Network users take electricity for granted until the supply suddenly shuts off. Then a reliable uninterruptible power supply becomes supremely important.
Such power supplies, known as UPSs, are basically large, manageable batteries. Their chief specification is run time.
In testing UPSs, the Government Computer News Lab considered several other factors, too. How many outlets did each UPS have? How many plugs were directly battery-attached as opposed to giving only surge protection? And how easy was it to monitor each UPS with the included software?
We set up a test workgroup of three desktop computers and a monitor, enough to tax but not overload our test UPSs, which were rated between 1,000 and 1,500 volt-amperes.
Most computer power requirements are stated in watts, although VA gives a better indication of capacity. Watts multiplied by 1.4 gives VAs. Our largest test workstation drew 220 watts, or 308 VAs.
Some monitor power requirements are in amperes, which can be converted to VA by multiplying by 120. A 1.3-amp monitor would draw 156 VAs from a UPS, for example.
No matter what devices are connected, their VA load should be less than the UPS's VA rating. A 1,000-VA UPS can support three average desktop computers plus a monitor, or two servers and a monitor.
The total power demand of our test network was 950 VAs -- close to but less than the top VA ratings.
The Para Systems Minuteman SmartSine S1400 was the best all-around performer with the longest run time. It sat on the floor and, at 6 inches by 17 inches, took up little more room than a shoebox.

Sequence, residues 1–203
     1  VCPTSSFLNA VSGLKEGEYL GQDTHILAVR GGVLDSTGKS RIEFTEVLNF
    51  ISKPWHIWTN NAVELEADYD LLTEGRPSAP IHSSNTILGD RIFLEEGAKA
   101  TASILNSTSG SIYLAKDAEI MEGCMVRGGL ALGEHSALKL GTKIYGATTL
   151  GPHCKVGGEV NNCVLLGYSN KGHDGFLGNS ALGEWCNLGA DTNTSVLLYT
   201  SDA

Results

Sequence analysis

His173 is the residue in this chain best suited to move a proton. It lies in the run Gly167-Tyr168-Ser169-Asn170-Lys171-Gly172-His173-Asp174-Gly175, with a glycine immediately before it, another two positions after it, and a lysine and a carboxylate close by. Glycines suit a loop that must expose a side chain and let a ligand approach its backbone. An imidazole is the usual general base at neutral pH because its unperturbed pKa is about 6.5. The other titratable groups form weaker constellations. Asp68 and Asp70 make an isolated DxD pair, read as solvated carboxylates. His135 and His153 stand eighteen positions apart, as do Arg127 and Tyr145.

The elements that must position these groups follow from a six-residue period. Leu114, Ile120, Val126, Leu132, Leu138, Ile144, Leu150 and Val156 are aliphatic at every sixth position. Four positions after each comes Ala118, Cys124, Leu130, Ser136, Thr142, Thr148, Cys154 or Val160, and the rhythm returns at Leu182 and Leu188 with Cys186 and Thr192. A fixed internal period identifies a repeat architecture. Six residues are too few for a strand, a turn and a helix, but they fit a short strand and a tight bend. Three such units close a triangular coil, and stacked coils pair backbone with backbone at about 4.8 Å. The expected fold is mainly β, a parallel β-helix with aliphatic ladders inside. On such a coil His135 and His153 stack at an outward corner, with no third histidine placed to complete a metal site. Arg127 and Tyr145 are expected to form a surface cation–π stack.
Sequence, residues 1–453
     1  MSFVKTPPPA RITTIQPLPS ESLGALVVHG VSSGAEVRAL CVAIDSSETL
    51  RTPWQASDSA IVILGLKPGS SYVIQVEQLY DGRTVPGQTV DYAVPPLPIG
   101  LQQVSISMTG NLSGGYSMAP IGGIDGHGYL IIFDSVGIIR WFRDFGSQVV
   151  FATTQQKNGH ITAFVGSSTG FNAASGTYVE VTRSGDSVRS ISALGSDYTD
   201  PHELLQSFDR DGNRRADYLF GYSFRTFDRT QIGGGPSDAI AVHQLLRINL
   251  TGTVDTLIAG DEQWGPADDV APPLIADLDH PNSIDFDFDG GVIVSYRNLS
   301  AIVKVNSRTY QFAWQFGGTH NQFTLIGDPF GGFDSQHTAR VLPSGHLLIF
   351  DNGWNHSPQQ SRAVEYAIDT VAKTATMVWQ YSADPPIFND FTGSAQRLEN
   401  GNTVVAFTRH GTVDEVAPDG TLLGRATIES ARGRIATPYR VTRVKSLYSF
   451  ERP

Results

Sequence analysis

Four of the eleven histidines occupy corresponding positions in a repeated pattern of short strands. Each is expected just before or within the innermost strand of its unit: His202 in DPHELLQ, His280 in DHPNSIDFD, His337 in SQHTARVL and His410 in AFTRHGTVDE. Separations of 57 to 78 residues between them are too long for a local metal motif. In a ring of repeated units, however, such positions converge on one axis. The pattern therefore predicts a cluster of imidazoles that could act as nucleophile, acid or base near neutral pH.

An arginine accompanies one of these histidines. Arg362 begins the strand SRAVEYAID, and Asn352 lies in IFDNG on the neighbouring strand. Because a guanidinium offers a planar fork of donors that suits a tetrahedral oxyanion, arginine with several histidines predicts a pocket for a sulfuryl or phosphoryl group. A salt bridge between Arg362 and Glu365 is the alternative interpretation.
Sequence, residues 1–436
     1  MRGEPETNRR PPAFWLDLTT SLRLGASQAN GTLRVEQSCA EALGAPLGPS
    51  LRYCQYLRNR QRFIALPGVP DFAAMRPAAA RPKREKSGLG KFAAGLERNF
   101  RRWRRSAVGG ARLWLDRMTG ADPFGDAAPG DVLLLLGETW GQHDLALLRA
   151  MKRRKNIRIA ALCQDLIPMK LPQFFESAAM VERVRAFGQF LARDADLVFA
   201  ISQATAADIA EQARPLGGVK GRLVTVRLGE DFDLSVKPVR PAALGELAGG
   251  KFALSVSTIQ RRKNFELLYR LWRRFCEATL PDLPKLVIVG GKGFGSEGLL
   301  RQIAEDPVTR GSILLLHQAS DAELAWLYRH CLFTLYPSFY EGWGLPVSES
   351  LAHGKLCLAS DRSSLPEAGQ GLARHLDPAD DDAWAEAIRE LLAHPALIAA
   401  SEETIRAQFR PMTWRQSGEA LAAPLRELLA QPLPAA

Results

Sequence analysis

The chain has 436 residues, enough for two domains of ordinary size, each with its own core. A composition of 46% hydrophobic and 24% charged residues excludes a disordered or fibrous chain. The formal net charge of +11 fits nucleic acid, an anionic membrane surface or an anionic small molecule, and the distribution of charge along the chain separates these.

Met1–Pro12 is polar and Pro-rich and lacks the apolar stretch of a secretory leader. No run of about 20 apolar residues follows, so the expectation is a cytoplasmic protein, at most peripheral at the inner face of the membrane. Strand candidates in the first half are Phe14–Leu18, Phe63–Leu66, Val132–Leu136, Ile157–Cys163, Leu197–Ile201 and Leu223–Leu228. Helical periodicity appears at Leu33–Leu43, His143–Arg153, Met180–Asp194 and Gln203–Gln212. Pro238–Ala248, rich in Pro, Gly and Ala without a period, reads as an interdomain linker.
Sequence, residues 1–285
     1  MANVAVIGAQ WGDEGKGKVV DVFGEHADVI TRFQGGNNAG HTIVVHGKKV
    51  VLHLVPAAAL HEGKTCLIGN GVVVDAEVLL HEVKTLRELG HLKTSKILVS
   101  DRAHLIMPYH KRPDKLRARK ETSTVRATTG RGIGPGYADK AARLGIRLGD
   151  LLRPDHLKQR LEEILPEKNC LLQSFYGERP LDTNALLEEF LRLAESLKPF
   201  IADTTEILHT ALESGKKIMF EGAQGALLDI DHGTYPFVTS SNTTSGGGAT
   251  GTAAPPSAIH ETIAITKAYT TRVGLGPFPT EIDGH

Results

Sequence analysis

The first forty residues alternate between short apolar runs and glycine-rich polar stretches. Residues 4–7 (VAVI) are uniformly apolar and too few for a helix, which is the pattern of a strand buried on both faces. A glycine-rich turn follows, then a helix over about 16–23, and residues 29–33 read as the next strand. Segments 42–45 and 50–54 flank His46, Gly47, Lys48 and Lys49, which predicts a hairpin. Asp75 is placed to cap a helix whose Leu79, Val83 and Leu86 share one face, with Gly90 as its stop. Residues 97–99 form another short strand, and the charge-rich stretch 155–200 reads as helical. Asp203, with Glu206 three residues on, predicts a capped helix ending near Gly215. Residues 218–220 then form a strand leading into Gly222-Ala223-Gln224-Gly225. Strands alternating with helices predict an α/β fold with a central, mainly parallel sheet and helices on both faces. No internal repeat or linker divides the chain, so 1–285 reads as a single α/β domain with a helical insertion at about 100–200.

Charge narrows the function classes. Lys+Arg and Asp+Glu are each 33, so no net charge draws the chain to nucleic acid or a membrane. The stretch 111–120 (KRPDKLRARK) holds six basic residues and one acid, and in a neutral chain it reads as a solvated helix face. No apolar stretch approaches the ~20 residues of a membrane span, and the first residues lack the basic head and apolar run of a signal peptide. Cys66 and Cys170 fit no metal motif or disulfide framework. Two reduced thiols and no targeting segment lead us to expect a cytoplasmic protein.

The SmartSine was the only unit in the review with eight plugs for devices; others had six or four. All of the plugs connected to the battery unlike other units, some of whose plugs gave only surge protection and not backup power.
The SmartSine was the slowest to drain in our full-blackout test. The test network stayed online for 43 minutes 47 seconds -- the best time by a few seconds, and more than double that of some rivals. Considering its price, the SmartSine easily earned an A grade and a Reviewer's Choice designation.
Many users forget that power can also spike through Category 5 cables. The SmartSine covered this angle with a network surge-protection port in back.
There was a serial cable for management, but we were disappointed not to find a USB port. The included Sentry II software can manage multiple UPSs, but only one at a time. The SmartSine also could be managed remotely.
Any user with this box under the desk should find the software quite satisfactory for automatic shutdowns and preprogrammed responses to power events.
The Tripp Lite SmartOnline 1000 Rack/Tower UPS, another Reviewer's Choice, came with the best management software in the review. The black box could stand like a tower system or slide into a rack with two units of space available.
Six device plugs all connected to the battery for backup power. A detailed load meter on the front was a bit harder to read than those on the other units. In a power failure, the dual-function LEDs indicated something different from their normal operation. Most other UPSs had one set of displays for current load and another for percentage of charge remaining. A standard RS-232 serial port was available for managing the UPS. Setting up responses to power events with the software was easy.
Tripp Lite was the only vendor in the review to fully embrace the concept of multi-system, multi-vendor UPS management. A glance at the network management screen showed which devices might need new batteries or were in danger of failing or experiencing some kind of power event.